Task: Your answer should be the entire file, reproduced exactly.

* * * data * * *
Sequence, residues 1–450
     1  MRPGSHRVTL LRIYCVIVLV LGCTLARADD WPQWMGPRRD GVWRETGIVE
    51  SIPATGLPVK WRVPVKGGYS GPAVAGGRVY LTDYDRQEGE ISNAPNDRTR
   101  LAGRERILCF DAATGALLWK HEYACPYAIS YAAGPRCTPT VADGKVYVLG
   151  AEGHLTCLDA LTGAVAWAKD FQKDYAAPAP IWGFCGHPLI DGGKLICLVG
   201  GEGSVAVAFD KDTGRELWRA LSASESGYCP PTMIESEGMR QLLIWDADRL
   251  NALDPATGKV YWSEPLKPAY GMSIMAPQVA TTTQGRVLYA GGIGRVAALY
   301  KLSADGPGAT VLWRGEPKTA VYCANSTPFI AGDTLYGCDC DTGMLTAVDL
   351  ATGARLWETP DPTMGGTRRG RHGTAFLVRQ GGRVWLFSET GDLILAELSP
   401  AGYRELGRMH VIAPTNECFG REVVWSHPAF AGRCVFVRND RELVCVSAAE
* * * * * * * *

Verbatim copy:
Sequence, residues 1–450
     1  MRPGSHRVTL LRIYCVIVLV LGCTLARADD WPQWMGPRRD GVWRETGIVE
    51  SIPATGLPVK WRVPVKGGYS GPAVAGGRVY LTDYDRQEGE ISNAPNDRTR
   101  LAGRERILCF DAATGALLWK HEYACPYAIS YAAGPRCTPT VADGKVYVLG
   151  AEGHLTCLDA LTGAVAWAKD FQKDYAAPAP IWGFCGHPLI DGGKLICLVG
   201  GEGSVAVAFD KDTGRELWRA LSASESGYCP PTMIESEGMR QLLIWDADRL
   251  NALDPATGKV YWSEPLKPAY GMSIMAPQVA TTTQGRVLYA GGIGRVAALY
   301  KLSADGPGAT VLWRGEPKTA VYCANSTPFI AGDTLYGCDC DTGMLTAVDL
   351  ATGARLWETP DPTMGGTRRG RHGTAFLVRQ GGRVWLFSET GDLILAELSP
   401  AGYRELGRMH VIAPTNECFG REVVWSHPAF AGRCVFVRND RELVCVSAAE